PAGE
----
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Threat of US-Europe trade war sparks off more transatlantic blankings

2M partners Maersk and MSC have extended the suspension of their TA4/NEUATL4 transatlantic loop through to September

02 July 2020 - 19:00

2M partners Maersk and MSC have extended the suspension of their TA4/NEUATL4 transatlantic loop through to September. The service, which deploys five vessels with an average capacity of 5,300 TEU, was originally suspended until mid-June and to mid-July.

Maersk attributed the new move to 'continued market demand reductions in North America and Europe caused by the Covid-19 pandemic'. The service is now stemmed to be reinstated from Europe in the first week of September and from the US mid-month.



Maersk said it would 'continue to review the demand picture and adjust deployed capacity as needed', while MSC said it was continuing with its 'prudent approach to capacity management during the Covid-19 crisis'.



The service has a rotation of Antwerp, Rotterdam, Bremerhaven, Liverpool, New York, Savannah, Port Everglades and Savannah, reports UK's The Loadstar.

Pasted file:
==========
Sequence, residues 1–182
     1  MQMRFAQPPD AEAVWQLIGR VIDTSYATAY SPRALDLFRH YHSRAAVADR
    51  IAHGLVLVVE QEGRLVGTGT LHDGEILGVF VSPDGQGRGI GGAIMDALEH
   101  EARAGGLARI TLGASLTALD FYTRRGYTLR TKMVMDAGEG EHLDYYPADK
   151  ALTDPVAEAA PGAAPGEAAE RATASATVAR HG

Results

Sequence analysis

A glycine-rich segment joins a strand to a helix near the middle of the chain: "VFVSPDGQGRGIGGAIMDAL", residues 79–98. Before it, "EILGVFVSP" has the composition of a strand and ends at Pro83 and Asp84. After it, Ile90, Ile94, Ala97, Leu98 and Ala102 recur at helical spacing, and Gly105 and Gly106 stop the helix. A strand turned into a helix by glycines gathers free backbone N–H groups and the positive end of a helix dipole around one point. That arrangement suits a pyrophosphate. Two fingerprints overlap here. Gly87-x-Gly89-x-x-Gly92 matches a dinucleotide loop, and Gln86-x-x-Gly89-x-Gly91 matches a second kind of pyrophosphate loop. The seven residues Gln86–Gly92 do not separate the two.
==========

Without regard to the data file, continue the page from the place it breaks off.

In contrast to the main Asia-Europe and transpacific tradelanes, where carriers have seen a pickup in demand in recent weeks, trade between Europe and the US is still very much in the doldrums.



Indeed, one UK NVOCC said that the transatlantic market was 'on the floor', adding that 'it's definitely our most challenging trade at the moment, other routes are getting back to some sort of normal but the US market is very difficult at the moment.'



The continued suspension of the 2M loop is a further blow to the UK's struggling exporters in the north-west who will need to continue to rely on ACL's weekly con-ro service as the only direct service to the US from Liverpool.



According to eeSea data, carriers blanked 25 (13 per cent) of the scheduled 199 sailings on the transatlantic in May and have cancelled 17 (9 per cent) of the advertised 187 sailings in June.



Apart from the ongoing impact of the pandemic on the transatlantic trade, ocean carriers are bracing themselves for a second hit from the threat of the US imposing a raft of new tariffs on the import of European goods, part of a long-running spat over subsidies to aircraft manufacturer Airbus.



The US administration said recently that it was considering imposing duties on 30 products, including beer, cakes, hardware products and clothing, imported from the EU and UK amounting to some US$3.1 billion in trade annually.



President Trump has also threatened duties on European cars after imposing a levy on steel and aluminium, prompting Brussels to tax some iconic US products such as denim jeans and motorcycles. Irish whiskey, Guinness, Baileys Scotch whisky and gin said to be on the president's radar.


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